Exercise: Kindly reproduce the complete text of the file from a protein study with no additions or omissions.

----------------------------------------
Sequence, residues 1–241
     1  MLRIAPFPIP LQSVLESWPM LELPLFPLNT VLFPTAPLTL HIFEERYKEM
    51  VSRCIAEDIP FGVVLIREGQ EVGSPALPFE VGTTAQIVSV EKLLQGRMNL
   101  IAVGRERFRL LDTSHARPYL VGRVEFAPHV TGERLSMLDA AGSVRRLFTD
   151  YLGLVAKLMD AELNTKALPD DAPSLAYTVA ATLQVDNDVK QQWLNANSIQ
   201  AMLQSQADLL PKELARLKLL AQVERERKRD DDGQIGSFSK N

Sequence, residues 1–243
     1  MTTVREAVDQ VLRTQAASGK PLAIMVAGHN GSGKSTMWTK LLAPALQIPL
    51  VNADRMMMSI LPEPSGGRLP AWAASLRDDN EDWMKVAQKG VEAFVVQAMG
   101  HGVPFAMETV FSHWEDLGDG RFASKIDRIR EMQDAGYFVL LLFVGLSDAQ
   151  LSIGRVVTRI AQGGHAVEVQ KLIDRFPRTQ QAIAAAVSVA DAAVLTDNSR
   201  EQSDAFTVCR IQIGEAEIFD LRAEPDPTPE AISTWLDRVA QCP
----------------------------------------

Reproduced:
Sequence, residues 1–241
     1  MLRIAPFPIP LQSVLESWPM LELPLFPLNT VLFPTAPLTL HIFEERYKEM
    51  VSRCIAEDIP FGVVLIREGQ EVGSPALPFE VGTTAQIVSV EKLLQGRMNL
   101  IAVGRERFRL LDTSHARPYL VGRVEFAPHV TGERLSMLDA AGSVRRLFTD
   151  YLGLVAKLMD AELNTKALPD DAPSLAYTVA ATLQVDNDVK QQWLNANSIQ
   201  AMLQSQADLL PKELARLKLL AQVERERKRD DDGQIGSFSK N

Sequence, residues 1–243
     1  MTTVREAVDQ VLRTQAASGK PLAIMVAGHN GSGKSTMWTK LLAPALQIPL
    51  VNADRMMMSI LPEPSGGRLP AWAASLRDDN EDWMKVAQKG VEAFVVQAMG
   101  HGVPFAMETV FSHWEDLGDG RFASKIDRIR EMQDAGYFVL LLFVGLSDAQ
   151  LSIGRVVTRI AQGGHAVEVQ KLIDRFPRTQ QAIAAAVSVA DAAVLTDNSR
   201  EQSDAFTVCR IQIGEAEIFD LRAEPDPTPE AISTWLDRVA QCP